Using systems theory is also helpful in the workplace, as interactions and behaviour is caused by the system in the workplace. Therefore considering one particular situation may not be as helpful as considering various aspects. As example, suggested by Ms Smith-Acuna, an employee was having trouble with a colleague and felt anxious, unsupported and was too apologetic, however her own way of conducting the meeting (fitting in the with system) needed improvement and she needed to improve her assertive skills (changing the individual) to improve how the meetings functioned, while her colleague needed to change her behaviour as she was critical and impatient. If the change-agent was to only look at the two people, then important details would have been missed. Details of how the meetings were run (system of the organisation) and how the individual fit within the system (second-order system).
Another example is family therapy using systems therapy. A teenager was always angry, but when he was able to manage his anger, another teenager in the family started playing up. It was discovered that the children were expressing the anger that the parent needed to express (of the marriage). However, once the parent realised what was really going on (a system that may have lasted generations and can be resistant to change), the dynamics of the whole family started to change. Systems theory can also help understand that change in behaviour can cause change in systems, however systems need to be considered in two parts - the rules, roles and boundaries that support the system which always works toward maintaining homeostasis and the structure of the system. It is also important to remember that systems also has sub-systems (e.g., department in the workplace) which need to be considered.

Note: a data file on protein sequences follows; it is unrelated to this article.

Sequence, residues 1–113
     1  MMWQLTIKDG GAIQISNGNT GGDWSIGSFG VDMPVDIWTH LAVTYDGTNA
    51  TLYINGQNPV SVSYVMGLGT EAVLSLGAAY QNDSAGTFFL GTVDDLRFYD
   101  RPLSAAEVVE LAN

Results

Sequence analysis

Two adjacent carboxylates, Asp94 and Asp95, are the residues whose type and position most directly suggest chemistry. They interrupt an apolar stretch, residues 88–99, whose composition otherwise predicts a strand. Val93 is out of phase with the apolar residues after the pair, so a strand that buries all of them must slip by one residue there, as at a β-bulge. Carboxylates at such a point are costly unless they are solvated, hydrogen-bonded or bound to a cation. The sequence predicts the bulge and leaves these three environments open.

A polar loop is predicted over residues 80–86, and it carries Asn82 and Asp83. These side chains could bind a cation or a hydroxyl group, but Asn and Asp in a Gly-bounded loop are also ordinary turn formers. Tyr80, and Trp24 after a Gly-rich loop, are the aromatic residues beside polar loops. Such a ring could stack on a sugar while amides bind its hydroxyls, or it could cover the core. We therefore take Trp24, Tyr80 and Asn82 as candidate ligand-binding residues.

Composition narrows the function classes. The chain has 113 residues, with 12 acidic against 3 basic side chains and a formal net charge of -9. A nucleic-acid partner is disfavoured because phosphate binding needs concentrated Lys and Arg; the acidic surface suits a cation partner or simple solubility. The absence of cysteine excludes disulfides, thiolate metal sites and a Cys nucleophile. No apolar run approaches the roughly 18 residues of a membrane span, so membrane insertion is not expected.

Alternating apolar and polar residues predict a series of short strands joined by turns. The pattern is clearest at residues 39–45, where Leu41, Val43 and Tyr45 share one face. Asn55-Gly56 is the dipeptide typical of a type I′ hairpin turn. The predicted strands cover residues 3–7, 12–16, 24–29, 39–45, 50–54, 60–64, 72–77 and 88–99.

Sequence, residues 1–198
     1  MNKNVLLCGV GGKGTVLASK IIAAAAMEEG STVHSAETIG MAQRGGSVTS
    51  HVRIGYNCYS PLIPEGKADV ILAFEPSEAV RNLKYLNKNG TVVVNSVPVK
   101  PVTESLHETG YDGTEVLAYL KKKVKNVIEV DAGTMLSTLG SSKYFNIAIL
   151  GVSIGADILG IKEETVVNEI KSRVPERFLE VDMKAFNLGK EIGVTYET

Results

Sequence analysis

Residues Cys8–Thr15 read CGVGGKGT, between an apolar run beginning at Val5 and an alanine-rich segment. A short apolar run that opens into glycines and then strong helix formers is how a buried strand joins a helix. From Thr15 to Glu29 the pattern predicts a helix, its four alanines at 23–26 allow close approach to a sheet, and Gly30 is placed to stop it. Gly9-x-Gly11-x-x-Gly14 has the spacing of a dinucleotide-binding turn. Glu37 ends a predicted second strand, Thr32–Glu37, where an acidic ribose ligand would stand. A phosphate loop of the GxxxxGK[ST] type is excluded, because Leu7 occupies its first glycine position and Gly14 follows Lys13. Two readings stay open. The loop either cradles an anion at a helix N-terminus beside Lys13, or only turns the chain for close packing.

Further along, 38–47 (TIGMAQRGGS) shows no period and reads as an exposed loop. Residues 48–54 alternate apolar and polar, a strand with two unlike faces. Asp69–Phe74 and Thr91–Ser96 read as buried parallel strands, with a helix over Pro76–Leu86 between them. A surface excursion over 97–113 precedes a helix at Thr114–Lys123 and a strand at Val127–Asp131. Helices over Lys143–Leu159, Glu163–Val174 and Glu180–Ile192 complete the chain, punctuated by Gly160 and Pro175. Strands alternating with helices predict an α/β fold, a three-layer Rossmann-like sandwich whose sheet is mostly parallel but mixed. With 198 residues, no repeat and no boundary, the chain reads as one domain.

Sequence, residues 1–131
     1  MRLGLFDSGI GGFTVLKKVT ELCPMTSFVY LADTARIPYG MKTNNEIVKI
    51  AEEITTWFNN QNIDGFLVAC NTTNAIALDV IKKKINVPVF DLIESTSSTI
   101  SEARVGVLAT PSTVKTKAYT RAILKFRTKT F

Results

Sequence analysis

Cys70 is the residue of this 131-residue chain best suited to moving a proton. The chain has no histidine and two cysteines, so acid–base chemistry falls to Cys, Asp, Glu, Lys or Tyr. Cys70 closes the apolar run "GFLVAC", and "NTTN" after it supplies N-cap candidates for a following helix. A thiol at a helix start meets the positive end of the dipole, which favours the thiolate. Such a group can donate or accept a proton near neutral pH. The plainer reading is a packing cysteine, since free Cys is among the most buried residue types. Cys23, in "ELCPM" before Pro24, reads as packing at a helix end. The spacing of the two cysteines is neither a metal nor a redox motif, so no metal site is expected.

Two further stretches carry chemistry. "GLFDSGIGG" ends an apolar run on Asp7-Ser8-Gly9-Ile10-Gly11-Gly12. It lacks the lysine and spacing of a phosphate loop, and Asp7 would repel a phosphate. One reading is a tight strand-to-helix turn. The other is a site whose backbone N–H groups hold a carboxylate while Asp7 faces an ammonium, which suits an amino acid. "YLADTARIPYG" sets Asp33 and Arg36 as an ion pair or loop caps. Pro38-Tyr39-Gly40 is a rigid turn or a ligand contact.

In summary, behaviour is often reinforced by the system the person is in as it is providing feedback. You will need to ask is the system causing me to behave, feel or think in this way or do I need to change to fit in the system. What needs to change to create a balance? Often, in the workplace it is usually the latter as some people may fit in the system and some may not and either need to change or move out. You would have to look at the whole picture, and its different parts, to understand the causes.
Source: Systems Theory in Action - Application to individual, couples and family therapy by Shelly Smith-Acuna.